Two: Social work’s enduring tensions

This chapter examines how social work has always engaged with people who are poor and socially excluded. Social work, as we currently understand it, has developed over the past 200 years as a response to the difficulties faced by certain groups of people at the onset of industrialisation and capitalism. For much of social work’s history, the term ‘the poor’ has been frequently used to describe these groups. The concept of social exclusion is a late 20th-century development. Nevertheless, social work has a long history of involvement with the poor and dispossessed.

The introduction discussed the concept of the dialectic and argued that the nature of society is one of contradiction, conflict and change. The outcome of the conflict is not simply the triumph of one set of ideas – or one group of people – over another, but something new and distinct. The introduction also emphasised the importance of action and engagement as a force to bring about change. The social workers here operated in the Victorian period, at the onset of industrialisation and large-scale production, characterised by the creation of the modern city and large-scale factory work (Pearson, 1975).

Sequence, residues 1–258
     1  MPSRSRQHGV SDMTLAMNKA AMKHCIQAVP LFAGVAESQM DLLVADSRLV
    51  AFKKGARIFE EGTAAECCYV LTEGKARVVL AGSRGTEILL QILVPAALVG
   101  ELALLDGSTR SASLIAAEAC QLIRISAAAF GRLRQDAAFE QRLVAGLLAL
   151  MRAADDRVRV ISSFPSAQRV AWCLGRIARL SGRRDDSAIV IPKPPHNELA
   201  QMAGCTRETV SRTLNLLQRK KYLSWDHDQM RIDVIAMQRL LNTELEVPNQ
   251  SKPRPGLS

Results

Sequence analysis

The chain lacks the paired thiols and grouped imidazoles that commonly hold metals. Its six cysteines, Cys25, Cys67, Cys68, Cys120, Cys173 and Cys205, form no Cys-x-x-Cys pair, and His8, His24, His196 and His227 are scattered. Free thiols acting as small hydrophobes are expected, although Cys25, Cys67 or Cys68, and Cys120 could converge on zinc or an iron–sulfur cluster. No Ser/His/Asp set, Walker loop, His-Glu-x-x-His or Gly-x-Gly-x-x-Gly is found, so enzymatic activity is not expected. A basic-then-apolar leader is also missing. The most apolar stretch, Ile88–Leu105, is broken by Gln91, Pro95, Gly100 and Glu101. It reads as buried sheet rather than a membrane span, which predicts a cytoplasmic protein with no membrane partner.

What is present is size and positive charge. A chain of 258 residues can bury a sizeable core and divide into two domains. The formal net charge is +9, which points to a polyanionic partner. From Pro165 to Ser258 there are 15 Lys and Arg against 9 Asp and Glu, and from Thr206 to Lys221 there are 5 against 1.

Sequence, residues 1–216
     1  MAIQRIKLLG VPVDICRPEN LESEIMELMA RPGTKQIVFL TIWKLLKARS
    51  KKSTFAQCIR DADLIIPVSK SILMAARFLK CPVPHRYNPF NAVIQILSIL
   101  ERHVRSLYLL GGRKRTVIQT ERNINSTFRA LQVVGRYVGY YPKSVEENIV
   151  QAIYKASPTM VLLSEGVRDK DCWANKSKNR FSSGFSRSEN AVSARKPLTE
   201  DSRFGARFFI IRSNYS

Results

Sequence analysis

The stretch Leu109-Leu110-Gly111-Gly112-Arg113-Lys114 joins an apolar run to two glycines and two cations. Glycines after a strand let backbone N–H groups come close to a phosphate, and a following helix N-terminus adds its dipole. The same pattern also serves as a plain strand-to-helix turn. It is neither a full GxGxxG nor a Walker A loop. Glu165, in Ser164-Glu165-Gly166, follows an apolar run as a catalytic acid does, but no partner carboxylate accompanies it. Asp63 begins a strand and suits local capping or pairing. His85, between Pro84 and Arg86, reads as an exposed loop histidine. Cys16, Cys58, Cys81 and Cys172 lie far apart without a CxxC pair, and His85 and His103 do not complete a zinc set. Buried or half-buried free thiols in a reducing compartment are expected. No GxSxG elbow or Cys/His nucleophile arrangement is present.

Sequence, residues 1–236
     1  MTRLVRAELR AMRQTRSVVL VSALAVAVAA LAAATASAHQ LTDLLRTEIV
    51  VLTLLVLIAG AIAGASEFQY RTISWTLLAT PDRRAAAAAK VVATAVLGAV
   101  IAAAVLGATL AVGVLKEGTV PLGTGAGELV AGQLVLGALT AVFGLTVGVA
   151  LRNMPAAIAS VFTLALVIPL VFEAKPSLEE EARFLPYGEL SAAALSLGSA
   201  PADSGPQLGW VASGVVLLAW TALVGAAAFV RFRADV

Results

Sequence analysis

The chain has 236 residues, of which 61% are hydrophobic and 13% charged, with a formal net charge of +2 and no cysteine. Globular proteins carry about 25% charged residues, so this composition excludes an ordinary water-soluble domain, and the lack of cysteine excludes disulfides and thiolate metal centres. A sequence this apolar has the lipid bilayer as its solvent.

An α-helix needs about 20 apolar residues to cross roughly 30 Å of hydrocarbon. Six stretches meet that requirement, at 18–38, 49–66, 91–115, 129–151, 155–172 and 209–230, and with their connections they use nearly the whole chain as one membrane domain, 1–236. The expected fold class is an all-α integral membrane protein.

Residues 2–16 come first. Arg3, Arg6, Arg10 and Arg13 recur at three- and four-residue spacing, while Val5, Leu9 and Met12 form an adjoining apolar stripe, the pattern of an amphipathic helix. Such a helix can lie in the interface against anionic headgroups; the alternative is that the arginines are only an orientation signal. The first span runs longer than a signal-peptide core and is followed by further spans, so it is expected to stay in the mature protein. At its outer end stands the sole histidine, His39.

Social work operates on the margins of society and works with those people whose experiences set them apart from the majority, so, in this sense, social exclusion is a useful term to adopt. It has been argued convincingly that social work has always concerned itself with ‘the poor’ or ‘marginalised’ (Jones, 2001). This can be traced back to the beginnings of social work in the UK in the late 18th and 19th centuries.

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